Length: 65.0 mi / 104.6 km
Time to Allow: Allow 1-2 days to enjoy the byway.
Restrictions: Portions of this byway may require a 4-wheel drive vehicle.
The Alpine Loop leaves pavement and people behind, crossing the remote, rugged, spectacular heart of the San Juan Mountains. Created by the forces of nature, these mountains, valleys, streams, and lakes now offer visitors the chance to explore the wild back country of Colorado. If height is what you are looking for, the Alpine Loop has hiking trails that access five of Colorado's "fourteener&" peaks (14,000 feet or more) and Cinnamon and Engineer pass both demand a high clearance, 4-wheel drive vehicle to climb over the 12,000 plus foot passes. Pristine mountain views, hiking and biking trails, great camping opportunities, and ample solitude are some of the rewards for taking the road less traveled.
Early Trails and People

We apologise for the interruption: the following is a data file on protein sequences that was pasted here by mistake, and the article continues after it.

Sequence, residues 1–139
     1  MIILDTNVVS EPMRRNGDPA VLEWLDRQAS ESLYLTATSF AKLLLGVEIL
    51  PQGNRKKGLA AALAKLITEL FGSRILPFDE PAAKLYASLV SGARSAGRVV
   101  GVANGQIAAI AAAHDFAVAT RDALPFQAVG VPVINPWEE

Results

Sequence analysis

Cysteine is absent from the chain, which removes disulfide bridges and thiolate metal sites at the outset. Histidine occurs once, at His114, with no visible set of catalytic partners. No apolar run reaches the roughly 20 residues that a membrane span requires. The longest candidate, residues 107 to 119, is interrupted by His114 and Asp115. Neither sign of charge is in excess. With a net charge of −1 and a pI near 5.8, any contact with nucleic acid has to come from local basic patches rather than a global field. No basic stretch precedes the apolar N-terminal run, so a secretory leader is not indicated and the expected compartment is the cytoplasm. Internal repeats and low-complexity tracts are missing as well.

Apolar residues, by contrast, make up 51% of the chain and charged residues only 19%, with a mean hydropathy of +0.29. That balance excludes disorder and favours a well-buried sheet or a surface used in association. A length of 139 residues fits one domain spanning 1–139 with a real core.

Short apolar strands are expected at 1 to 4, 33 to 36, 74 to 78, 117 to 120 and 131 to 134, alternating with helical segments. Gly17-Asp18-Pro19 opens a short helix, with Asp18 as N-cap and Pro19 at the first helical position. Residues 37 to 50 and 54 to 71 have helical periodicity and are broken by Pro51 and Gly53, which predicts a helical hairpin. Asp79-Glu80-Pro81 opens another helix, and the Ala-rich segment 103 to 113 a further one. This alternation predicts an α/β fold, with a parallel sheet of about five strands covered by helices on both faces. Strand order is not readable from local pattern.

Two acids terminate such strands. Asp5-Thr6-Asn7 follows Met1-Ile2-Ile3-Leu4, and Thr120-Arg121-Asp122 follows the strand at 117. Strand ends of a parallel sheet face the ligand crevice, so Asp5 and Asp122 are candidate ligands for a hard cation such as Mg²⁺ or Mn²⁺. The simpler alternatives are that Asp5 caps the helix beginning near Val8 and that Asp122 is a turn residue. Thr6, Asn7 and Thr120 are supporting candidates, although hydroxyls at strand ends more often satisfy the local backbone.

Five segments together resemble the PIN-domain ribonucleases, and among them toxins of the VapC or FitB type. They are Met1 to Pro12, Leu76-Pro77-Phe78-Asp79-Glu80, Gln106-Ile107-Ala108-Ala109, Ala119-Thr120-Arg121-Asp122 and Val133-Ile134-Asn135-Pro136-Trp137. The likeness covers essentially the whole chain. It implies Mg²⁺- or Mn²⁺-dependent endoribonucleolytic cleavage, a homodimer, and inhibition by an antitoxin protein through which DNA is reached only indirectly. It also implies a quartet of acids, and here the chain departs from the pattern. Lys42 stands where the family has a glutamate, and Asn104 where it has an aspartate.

The trails that visitors enjoy today were developed by early travelers to the area. Native American Indians came to the area to hunt and gather food. In the late 1800s miners created a network of roads in their quest for silver, gold, lead, and zinc. The towns they established are abandoned now, but some buildings remain for visitors to see.
Nestled deep in the San Juan Mountains, the Alpine Loop Back Country Byway is an expedition in and of itself. Far from the hassles and routine of the outside world, the Alpine Loop traverses 65 miles of Colorado’s remarkable mountain terrain. Enter a world of towering pine trees, glistening lakes, and fresh mountain air: a combination guaranteed to bring out your inner explorer.